And lastly—but not least—there are the devotees who adhere to the Diet and its tenants with dedicated fervor, sometimes bordering on the ­fanatical.

The darker side of these diet cults are the nameless beings—most often women—who are sacrificed on their altars.

I was once a devotee myself. I had fervor coupled with passion—a dangerous combination. I even had good intentions—moral, ethical…right?

Pass the chips, please.

A few years back, the middle age pudge caught up to me—overnight it seemed—although neither my diet nor my level of physical activity had changed. I was pugnacious about wanting to get back to my slimmer former self. I ravenously read through books and gleefully joined Facebook groups for “support.”

While I did not shed the resilient pounds, I did gain enlightenment.

One such group—which shall remain nameless—was stricter than most. The Book was only second to Holy Scriptures. Any curious bystander without knowledge of the Book was speedily referred to its pages with the accompanying admonition that one would never succeed without being well versed with its doctrines—which were neither to be openly questioned nor disputed.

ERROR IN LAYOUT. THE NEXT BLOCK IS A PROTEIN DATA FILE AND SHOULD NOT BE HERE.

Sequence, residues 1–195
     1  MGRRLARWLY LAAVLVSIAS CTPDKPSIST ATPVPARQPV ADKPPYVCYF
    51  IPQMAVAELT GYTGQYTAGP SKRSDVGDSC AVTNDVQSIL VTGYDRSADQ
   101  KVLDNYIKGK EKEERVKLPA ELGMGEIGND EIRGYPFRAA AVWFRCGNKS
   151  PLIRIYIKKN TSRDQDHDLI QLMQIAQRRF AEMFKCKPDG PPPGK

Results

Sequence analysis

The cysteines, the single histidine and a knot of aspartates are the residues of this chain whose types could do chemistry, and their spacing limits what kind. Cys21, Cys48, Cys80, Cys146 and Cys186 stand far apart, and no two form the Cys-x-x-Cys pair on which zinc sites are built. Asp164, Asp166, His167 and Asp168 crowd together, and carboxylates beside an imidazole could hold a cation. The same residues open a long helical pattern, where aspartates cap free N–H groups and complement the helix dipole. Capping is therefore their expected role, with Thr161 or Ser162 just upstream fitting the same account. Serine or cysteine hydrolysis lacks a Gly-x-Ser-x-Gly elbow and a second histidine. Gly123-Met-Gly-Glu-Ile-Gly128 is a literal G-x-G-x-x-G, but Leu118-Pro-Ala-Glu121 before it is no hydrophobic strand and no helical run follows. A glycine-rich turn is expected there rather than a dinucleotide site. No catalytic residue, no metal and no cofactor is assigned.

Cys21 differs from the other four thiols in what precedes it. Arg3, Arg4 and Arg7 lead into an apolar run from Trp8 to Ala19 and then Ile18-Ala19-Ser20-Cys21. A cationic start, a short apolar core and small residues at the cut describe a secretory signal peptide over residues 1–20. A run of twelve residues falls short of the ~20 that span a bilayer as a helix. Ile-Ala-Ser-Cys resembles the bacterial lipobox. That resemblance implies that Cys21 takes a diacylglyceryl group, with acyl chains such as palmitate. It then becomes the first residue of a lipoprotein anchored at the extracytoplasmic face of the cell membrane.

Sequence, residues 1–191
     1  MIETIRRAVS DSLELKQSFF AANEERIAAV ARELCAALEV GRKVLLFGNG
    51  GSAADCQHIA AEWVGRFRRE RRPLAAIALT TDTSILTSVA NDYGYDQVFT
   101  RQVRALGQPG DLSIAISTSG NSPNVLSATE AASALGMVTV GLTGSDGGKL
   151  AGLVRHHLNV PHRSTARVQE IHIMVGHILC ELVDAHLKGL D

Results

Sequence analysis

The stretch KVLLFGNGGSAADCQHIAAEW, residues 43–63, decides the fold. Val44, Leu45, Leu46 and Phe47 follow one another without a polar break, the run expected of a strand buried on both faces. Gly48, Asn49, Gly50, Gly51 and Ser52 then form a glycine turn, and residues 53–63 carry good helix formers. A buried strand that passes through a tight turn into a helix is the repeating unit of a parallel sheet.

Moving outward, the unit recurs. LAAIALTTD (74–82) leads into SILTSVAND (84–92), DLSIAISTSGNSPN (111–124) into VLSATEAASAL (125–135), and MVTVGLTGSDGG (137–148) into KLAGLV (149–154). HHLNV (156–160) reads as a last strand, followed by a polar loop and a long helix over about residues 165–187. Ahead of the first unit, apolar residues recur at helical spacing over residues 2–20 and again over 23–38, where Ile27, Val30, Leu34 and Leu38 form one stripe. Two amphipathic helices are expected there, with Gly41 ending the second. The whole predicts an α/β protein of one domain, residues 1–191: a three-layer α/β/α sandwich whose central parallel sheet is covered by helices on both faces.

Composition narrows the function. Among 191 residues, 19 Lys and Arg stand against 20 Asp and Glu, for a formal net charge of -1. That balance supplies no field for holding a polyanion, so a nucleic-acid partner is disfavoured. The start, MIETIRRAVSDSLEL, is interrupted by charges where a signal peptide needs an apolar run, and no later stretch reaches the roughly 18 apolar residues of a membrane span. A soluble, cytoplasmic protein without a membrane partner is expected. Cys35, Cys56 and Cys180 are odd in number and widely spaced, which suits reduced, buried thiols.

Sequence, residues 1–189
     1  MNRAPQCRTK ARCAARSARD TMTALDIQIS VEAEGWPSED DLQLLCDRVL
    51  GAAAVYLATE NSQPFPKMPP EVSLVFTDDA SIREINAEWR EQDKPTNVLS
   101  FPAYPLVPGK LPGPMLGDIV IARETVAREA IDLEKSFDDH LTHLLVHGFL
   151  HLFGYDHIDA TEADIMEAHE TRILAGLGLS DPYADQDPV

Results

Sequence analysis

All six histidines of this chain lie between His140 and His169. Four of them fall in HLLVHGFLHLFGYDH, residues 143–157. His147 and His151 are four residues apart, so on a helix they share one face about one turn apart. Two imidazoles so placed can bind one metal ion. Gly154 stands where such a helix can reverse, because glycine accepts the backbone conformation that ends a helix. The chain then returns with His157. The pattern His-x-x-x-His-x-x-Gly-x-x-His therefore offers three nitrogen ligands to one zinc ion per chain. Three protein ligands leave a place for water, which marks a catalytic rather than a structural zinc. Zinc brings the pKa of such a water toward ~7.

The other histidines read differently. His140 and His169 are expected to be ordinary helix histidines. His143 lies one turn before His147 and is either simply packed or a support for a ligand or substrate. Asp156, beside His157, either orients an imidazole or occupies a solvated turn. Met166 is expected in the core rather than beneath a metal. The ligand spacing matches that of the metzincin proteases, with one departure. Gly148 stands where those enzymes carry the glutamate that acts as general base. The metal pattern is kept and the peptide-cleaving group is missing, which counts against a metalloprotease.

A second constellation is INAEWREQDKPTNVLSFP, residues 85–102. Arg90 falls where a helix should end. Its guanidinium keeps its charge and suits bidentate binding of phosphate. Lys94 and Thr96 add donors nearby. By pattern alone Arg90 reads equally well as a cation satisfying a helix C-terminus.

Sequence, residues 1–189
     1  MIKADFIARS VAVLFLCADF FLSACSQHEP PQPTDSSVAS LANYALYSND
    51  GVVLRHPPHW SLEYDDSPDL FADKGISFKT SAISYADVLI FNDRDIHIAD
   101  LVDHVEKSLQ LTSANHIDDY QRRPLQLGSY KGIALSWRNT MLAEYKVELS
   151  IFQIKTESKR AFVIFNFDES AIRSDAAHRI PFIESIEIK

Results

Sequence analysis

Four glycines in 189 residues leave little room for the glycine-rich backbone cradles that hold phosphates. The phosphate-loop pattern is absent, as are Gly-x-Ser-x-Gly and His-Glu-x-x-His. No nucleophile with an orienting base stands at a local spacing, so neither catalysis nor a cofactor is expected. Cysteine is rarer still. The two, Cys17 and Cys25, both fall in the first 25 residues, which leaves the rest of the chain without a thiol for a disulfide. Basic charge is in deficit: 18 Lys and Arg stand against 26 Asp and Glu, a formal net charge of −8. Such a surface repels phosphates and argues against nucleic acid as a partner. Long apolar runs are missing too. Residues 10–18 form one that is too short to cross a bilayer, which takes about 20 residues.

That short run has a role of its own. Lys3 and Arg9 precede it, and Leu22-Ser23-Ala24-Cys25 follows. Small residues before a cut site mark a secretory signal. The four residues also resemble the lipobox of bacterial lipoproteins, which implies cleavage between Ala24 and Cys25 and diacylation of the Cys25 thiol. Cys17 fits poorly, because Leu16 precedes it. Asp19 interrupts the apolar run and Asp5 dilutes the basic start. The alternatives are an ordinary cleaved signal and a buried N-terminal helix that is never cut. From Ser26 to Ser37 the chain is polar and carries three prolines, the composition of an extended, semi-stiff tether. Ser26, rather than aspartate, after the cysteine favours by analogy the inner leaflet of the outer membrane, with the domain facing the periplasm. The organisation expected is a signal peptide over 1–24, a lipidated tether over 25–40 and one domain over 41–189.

Excommunication—or more aptly, expulsion—from the group for dissenters was swift. Admittedly, I did get my fingers slapped a couple of times.

The Believers defended their stance with forceful gusto bordering on hysteria. Those who praised the method with accompanying “success” pictures were admired and ushered to an inner sanctum akin to Sainthood.

Black Sheep did not fare as well.

The women who, despite heroic efforts and complete adherence to The Commandments, did not drop the offending pounds, or worse, those who did not adhere to the letter of the Law, were the collateral damage. Any failure was deemed the fault of the user, not the program. These individuals became the Rejects. The Lost.